“Draw Near unto Me,” Support Guide: Help for Spouses and Family of Those in Recovery (2014).
“Draw Near unto Me,” Support Guide: Help for Spouses and Family of Those in Recovery.
Many times we are confronted with problems that seem beyond our own capability and understanding to overcome. Our need for help can lead us to ask our loving Heavenly Father for guidance and direction. We have been counseled, “If any of you lack wisdom, let him ask of God” (James 1:5). The Lord desires to answer our prayers and will speak to us through the Holy Ghost. Elder Richard G. Scott taught, “Impressions of the Spirit can come in response to urgent prayer or unsolicited when needed. Sometimes the Lord reveals truth to you when you are not actively seeking it, such as when you are in danger and do not know it” (“To Acquire Spiritual Guidance,” Ensign or Liahona, Nov. 2009, 8).
Receiving revelation will require effort on our part. President Harold B. Lee said: “We develop our spiritual selves by practice. … We must train our spiritual selves with the same care … as we train our physical bodies.” He counseled, “Take time to be holy each day of your lives” (Teachings of Presidents of the Church: Harold B. Lee , 175–76). It is important to set aside time to meditate, ponder, and turn our hearts toward heaven. This will help us receive, recognize, and understand the promptings of the Holy Ghost.
The situations with our loved ones can require our urgent attention and can cause us to desperately seek answers or direction. Our sense of urgency might cause us to expect immediate spiritual help. While the Lord’s responses come quickly at times, the scriptures teach us that revelation is given “line upon line” (Isaiah 28:10). We can patiently “wait upon the Lord” (Isaiah 40:31) and trust that He will speak to us. This is one way that our patience and character are refined. Just as the people of Nephi “understood not the voice which they heard” until the third time (see 3 Nephi 11:3), it might take time for us to recognize personal revelation.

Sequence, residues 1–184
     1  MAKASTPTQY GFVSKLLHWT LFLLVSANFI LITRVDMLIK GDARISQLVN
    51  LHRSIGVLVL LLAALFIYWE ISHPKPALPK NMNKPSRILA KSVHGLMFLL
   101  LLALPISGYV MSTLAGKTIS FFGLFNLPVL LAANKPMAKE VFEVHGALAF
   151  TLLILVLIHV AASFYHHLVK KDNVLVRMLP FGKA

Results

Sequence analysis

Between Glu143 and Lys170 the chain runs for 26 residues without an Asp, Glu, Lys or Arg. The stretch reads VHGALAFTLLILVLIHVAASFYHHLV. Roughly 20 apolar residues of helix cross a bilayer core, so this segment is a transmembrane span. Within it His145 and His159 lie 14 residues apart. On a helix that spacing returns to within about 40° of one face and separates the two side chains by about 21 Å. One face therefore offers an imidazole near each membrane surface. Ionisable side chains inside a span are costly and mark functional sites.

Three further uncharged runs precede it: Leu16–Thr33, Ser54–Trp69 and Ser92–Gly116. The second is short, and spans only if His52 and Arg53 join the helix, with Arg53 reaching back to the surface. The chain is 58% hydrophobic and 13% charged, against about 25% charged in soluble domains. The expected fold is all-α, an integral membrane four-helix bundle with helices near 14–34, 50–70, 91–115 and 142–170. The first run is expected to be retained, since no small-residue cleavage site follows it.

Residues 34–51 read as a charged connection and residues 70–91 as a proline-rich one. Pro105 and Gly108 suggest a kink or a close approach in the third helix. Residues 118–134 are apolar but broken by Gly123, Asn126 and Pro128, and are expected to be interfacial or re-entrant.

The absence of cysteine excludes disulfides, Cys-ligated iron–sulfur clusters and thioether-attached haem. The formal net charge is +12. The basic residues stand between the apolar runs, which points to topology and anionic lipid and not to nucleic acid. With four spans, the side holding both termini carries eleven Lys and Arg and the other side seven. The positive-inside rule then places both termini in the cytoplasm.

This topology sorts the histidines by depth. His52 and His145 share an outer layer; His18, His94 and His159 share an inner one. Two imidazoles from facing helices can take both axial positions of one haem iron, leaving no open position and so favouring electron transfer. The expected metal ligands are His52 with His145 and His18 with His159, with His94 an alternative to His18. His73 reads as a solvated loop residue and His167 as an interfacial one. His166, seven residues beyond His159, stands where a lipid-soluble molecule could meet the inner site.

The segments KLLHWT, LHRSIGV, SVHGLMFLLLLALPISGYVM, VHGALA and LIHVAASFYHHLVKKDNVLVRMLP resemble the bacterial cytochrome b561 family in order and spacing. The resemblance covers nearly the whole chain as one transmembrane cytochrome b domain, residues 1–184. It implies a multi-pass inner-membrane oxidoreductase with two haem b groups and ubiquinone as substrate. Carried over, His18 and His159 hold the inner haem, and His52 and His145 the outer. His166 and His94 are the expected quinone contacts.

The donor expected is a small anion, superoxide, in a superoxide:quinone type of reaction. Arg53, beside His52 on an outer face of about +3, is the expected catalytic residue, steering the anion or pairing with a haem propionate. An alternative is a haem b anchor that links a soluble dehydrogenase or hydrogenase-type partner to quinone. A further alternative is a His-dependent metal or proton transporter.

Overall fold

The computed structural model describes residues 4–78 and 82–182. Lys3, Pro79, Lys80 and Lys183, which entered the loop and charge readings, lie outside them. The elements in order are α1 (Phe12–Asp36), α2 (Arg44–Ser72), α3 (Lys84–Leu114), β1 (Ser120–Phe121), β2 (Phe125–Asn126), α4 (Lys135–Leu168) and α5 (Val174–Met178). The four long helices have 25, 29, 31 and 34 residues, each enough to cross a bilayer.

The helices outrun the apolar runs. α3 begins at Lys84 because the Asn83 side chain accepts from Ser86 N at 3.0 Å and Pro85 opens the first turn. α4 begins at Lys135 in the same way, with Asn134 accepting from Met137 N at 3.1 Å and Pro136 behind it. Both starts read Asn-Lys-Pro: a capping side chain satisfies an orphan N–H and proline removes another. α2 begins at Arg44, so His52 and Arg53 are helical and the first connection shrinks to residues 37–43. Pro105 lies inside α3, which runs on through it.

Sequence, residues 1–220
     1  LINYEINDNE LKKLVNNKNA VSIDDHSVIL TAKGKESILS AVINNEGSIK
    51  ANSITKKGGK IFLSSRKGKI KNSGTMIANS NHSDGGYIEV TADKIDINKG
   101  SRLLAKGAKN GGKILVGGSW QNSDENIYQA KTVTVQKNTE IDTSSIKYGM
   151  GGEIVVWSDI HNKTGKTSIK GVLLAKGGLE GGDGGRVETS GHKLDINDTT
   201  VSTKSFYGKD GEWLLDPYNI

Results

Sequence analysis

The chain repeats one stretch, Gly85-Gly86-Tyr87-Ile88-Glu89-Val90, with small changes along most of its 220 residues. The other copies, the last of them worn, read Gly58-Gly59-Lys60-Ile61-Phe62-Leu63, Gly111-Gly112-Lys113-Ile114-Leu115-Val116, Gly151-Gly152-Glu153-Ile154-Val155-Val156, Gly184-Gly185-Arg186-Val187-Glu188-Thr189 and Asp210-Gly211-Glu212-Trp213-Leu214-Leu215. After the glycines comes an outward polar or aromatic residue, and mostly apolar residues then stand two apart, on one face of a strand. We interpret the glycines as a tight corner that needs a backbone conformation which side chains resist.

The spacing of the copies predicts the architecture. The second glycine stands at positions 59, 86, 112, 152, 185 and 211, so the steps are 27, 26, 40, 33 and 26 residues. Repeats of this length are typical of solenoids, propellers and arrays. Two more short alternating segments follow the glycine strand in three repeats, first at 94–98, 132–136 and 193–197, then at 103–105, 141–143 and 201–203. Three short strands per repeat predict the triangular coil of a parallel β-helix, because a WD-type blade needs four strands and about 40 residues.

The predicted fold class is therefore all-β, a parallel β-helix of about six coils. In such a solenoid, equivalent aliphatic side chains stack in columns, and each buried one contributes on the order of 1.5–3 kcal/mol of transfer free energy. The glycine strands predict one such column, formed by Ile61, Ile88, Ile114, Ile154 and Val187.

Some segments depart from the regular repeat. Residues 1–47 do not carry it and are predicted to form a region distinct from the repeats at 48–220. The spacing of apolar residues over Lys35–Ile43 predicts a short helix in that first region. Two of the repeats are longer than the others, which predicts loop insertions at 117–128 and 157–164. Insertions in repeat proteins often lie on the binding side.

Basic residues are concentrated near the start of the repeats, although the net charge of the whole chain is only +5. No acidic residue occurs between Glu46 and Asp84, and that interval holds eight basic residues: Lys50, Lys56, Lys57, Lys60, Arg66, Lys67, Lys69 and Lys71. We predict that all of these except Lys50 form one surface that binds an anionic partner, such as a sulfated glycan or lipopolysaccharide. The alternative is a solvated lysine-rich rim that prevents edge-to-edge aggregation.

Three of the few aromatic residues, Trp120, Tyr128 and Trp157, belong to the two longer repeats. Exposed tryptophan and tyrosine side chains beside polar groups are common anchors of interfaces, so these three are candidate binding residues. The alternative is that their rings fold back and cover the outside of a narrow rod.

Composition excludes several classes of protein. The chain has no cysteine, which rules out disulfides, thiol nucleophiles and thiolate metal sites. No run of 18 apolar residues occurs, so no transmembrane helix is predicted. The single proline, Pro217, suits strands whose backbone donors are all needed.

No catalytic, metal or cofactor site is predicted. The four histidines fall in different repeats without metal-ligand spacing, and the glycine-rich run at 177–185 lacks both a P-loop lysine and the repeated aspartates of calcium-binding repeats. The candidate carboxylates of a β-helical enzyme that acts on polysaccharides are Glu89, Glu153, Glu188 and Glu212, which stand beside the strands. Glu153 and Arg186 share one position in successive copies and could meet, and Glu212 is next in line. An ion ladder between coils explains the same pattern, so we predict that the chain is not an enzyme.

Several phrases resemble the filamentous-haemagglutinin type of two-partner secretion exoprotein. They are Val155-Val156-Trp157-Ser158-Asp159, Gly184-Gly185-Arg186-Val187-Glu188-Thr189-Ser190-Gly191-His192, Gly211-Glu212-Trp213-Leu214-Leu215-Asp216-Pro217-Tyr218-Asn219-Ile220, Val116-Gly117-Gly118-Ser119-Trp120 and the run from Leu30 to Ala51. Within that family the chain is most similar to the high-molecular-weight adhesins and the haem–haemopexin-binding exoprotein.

How have you felt the Lord guide and direct you in your relationship with your loved one?
What will you do to seek revelation from the Lord to guide you?
When we want to know what the Lord would have us do, we can search and ponder the scriptures. As Nephi taught in the Book of Mormon, “the words of Christ will tell you all things what ye should do” (2 Nephi 32:3). Elder Richard G. Scott has said, “Scriptures are like packets of light that illuminate our minds and give place to guidance and inspiration from on high. They can become the key to open the channel to communion with our Father in Heaven and His Beloved Son, Jesus Christ” (“The Power of Scripture,” Ensign or Liahona, Nov. 2011, 6). The scriptures can be a means through which the Lord can speak to us and help us on our journey of peace and healing. As we ponder the scriptures and their teachings in our lives, we can seek guidance from the Spirit to understand how to seek healing from the Savior.
The sacrament is a time for reflection. We partake of the sacrament in remembrance of the atoning sacrifice of Jesus Christ for us and to renew our covenants. The sacrament can be a sacred time for us to reconcile and submit our will to God’s and be spiritually strengthened. This may require us to suspend thinking about our loved ones and focus on our own spiritual strength. While it is natural to turn our thoughts during the sacrament to our loved ones and how their challenges are impacting us, we need to take the time during the sacrament to strengthen our relationships with God and the Savior. We, in turn, are spiritually strengthened through the enabling power of the Savior Jesus Christ. It is important to not let anything distract us from renewing our covenants with the Lord, not even the actions and choices of our loved ones.